The Science Journal of the American Association for Respiratory Care

2010 OPEN FORUM Abstracts


Rick Carter1, Kevin Crezee1, Connie Watkins1, Donald M. Null2; 1Respiratory Care, Primary Childrens Medical Center, Salt Lake City, UT; 2Department of Pediatrics, University of Utah School of Medicine, Salt Lake City, UT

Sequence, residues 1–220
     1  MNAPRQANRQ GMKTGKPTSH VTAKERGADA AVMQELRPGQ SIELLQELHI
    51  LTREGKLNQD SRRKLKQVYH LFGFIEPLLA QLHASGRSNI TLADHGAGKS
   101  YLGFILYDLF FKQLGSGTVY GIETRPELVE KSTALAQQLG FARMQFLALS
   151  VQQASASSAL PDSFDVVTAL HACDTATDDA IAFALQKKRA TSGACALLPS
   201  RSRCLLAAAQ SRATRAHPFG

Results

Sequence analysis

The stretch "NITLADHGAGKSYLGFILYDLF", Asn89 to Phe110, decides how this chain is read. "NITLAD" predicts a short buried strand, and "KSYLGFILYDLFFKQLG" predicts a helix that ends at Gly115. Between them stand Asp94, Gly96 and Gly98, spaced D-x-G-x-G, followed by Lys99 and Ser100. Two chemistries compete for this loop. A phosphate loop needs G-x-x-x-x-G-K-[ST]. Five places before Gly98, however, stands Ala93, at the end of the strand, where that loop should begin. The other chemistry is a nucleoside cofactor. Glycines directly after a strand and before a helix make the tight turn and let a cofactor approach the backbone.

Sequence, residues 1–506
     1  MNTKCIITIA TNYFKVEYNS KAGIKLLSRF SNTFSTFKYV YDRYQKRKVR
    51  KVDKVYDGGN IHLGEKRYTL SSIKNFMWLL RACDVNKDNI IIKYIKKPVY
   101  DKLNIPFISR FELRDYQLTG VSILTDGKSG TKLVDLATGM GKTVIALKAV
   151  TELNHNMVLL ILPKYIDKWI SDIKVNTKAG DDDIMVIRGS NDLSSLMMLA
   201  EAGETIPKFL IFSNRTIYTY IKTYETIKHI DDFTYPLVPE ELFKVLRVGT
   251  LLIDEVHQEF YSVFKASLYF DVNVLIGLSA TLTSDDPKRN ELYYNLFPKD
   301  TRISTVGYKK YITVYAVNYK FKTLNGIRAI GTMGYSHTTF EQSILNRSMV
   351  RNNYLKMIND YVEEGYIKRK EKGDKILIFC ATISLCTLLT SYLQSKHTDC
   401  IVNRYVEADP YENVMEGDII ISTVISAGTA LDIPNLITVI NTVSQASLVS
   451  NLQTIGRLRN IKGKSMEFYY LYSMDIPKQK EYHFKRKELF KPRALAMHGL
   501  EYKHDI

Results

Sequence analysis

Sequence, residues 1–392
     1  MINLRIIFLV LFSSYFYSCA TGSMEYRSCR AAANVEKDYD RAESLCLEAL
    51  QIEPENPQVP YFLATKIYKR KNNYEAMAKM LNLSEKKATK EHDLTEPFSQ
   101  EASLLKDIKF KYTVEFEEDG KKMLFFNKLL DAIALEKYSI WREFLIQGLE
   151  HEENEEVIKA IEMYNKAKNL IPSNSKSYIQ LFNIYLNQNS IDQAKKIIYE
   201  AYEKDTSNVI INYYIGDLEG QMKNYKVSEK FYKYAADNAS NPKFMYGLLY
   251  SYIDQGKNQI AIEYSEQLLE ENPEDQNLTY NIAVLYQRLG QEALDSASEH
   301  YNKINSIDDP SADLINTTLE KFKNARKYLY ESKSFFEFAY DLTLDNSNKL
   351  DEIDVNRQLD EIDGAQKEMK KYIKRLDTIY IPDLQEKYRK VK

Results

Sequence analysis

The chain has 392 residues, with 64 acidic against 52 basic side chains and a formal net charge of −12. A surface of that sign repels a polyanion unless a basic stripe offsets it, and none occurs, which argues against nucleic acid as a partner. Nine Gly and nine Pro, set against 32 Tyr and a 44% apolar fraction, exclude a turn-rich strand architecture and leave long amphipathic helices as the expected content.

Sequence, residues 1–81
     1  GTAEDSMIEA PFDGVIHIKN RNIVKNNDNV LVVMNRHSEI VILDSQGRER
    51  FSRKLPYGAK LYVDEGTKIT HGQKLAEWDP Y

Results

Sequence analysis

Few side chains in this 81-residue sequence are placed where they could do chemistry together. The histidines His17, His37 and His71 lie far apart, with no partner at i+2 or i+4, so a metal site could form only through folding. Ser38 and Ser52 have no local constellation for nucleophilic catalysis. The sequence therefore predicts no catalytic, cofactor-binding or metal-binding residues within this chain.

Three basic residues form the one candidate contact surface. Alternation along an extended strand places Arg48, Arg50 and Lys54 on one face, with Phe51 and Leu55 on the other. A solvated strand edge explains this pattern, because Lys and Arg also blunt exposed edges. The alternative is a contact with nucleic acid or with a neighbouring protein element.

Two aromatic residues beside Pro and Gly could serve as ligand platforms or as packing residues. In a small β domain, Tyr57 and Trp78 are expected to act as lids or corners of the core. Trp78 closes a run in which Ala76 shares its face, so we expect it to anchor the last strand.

Backround: Primary Childrens Medical Center (PCMC) has used nasal continuous positive airway pressure (NCPAP) with conventional ventilation and humidity for many years. It was determined that a method of consistent humidification was needed while delivering high frequency NCPAP (HFNCPAP). Method: The Percussionaire Sinusoidal Bronchotron with Turbohead phasitron (Bronchotron) and Hudson Nasal CPAP Prongs were attached to a specimen cup. The Fisher & Paykel MR850 (MR850) heater, the Hydrate OMNI Humidification System (OMNI) and the Percussionaire aerosol generator (PAG) were all evaluated. For testing purposes devices were set to 37∞C and to target 100% relative humidity except the PAG (non heated device). A FLUKE 971 was used to measure relative humidity and temperature within the specimen cup. The Bronchotron was set up with an infant ventilator circuit compatible with each device. Operational pressure was set at 30psi and oscillatory cpap and pulsatile flowrate were set at low, mid, and high settings (other settings were placed in the 12 o’clock position for the duration of testing). The humidifiers were allowed time to stabilize when placed on a new settings, then measurements were obtained from the specimen cup. Measurements were taken at time of stabilization (when humidifier indicated set temperature) and fifteen minutes post stabilization using size #0 and #5 Hudson cpap prongs. The range of NCPAP pressures were from 3 to 13cmH2O. Results: We found that the MR850 and the OMNI were able to deliver adequate heat and humidity in all of the tested areas. The MR850 delivered an average of 97.3% relative humidity at 34.9∞C, but took approximately 15 minutes to stabilize. The OMNI delivered an average of 98.9% relative humidity at 33.9∞C and took less than 2 minutes to stabilize. The PAG was able to deliver an average of 71.2% relative humidity at room air temperature. Relative humidity in the room was measured at 28%. Visible humidity and rainout were also observed. All measurements are shown in the following table. Conclusion: At PCMC we currently utilize the MR850’s so it would not be cost effective to change to a different device at this time given that both devices ( MR850 and OMNI) operated very well in the testing environment provided. The OMNI may prove more cost effective over time due to reduced circuit costs. The PAG may be an alternative if power is not available, but would increase gas consumption. Sponsored Research - None